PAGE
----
To understand the factors contributing to the co-design, we analysed both the qualitative interviews and the video clips of the co-design workshop. A summary of these findings is reported below under three sub-themes.

Contextual creativity

Participants described contextually guided processes of learning, sharing ideas and building the capacity of the stakeholders to make meaningful contributions to refining solutions for their community.

“The researcher gave us a full picture of the opportunity landscape and the steps to design a solution for identified problems at our doorstep by holdings different community meeting. In every activity, they [researchers] showed respect to our culture and identity. Now, most of the people in our village know them [research team].” [A policy officer, workshop participant]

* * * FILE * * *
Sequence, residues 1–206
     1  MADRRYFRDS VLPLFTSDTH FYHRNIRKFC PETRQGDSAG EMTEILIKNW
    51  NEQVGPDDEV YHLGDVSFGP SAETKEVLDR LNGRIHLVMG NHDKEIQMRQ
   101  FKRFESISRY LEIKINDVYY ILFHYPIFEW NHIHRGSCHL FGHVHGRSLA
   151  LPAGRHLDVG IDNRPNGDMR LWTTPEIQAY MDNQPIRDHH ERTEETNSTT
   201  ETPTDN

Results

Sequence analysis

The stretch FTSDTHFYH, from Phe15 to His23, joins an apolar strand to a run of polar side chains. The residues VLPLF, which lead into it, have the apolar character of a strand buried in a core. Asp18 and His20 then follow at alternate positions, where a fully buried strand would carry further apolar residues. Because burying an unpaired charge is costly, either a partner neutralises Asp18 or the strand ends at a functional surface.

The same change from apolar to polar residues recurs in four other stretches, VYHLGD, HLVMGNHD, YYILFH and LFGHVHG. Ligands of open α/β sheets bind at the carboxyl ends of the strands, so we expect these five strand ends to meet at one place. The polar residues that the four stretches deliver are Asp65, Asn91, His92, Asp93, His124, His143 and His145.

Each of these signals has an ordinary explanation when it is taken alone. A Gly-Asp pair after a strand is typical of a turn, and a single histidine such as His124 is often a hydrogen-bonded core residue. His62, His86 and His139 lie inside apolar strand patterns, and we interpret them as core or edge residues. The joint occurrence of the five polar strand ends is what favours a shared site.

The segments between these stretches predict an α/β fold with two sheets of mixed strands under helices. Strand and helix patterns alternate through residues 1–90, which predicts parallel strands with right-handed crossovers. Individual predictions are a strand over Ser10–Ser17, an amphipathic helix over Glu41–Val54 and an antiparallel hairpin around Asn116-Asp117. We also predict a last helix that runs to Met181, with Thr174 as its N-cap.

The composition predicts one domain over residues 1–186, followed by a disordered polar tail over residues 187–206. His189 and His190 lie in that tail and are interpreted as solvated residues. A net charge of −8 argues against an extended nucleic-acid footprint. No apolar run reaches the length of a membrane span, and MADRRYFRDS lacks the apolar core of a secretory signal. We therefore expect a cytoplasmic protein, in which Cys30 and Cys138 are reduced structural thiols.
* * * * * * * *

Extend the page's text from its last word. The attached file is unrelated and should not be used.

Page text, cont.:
A majority of the participants highlighted the importance of empowerment strategies used in the co-design process. These included community-centred educational sessions on health and development issues, use of local community shops for breakfast and lunch, and knowledge exchange sessions in the local community by involving youth, women, social workers and political leaders.

“Gaining trust and commitment of marginalised communities is not an easy task. The reason why you people [research team] got this [committed participation] is because you all invested your resources in building trust, educating and empowering the people.” [A Senior Health Officer, workshop participant]

Participants also acknowledged the value of using interpreters to address the language barriers, particularly for the patients and their family members who did not sufficiently understand Nepali but spoke other local languages.